New-onset intra-operative hyperthermia in a large surgical patient population: A retrospective observational study
BACKGROUND Intra-operative hypothermia has been extensively investigated. However, the incidence of intraoperative hyperthermia has not been investigated in detail.
OBJECTIVE The main objective of this study was to assess the incidence and risk factors of new-onset intra-operative hyperthermia in a large surgical patient population.
DESIGN Retrospective database review.
SETTING Tertiary-care teaching hospital.
PATIENTS Patients undergoing surgery with general anaesthesia between 1 January 2002 and 31 December 2017 were included.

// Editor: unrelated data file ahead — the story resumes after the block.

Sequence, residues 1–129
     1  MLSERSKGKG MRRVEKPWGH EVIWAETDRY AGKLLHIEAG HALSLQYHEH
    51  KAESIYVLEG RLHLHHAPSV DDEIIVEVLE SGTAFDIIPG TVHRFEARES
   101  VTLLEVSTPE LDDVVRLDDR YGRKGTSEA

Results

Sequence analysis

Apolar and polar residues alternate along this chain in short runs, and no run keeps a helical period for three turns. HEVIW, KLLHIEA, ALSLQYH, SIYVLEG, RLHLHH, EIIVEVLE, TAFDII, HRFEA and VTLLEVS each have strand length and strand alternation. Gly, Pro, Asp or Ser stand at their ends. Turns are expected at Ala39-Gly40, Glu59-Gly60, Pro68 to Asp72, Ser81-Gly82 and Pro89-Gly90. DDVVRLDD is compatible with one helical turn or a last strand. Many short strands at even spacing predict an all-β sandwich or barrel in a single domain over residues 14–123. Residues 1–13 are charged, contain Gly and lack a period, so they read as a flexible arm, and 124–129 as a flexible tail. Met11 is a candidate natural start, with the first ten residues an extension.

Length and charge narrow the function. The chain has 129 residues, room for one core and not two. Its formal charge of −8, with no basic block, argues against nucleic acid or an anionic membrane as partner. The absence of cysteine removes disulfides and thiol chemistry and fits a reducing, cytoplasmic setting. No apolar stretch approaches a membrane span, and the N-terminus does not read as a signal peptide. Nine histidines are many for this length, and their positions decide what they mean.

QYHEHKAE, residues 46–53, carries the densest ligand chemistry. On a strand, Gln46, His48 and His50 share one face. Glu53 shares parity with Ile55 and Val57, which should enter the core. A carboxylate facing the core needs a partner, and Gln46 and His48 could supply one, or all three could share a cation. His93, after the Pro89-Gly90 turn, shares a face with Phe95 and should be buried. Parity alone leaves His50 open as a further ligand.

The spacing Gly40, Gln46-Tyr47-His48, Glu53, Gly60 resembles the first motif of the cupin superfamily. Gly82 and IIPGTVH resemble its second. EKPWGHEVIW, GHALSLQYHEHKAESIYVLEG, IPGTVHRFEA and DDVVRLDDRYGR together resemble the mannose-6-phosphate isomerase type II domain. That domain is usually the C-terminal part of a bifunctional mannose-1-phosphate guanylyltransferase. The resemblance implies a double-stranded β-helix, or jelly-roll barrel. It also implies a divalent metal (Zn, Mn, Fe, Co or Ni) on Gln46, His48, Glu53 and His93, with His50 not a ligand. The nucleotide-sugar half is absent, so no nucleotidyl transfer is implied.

MAIN OUTCOME MEASURES The primary outcome measurement was new-onset intra-operative hyperthermia (>37.5℃). A logistic regression model was fitted to identify risk factors for intra-operative hyperthermia.
RESULTS A total of 103 648 patients were included in the final analyses. The incidence of new-onset hyperthermia in the overall patient cohort was 6.45%, reaching 20 to 30% after prolonged (>8 h) surgery, and was up to 26.5% in paediatric patients. The use of forced air active patient warming, larger amounts of fluid administration, longer surgery, younger age and smaller body size were all independently associated with intra-operative hyperthermia. The adoption of the Surgical Care Improvement Project (SCIP) temperature measures was associated with an increased incidence of intra-operative hyperthermia.
CONCLUSION Mild intra-operative hyperthermia is not uncommon particularly in longer procedures and small children.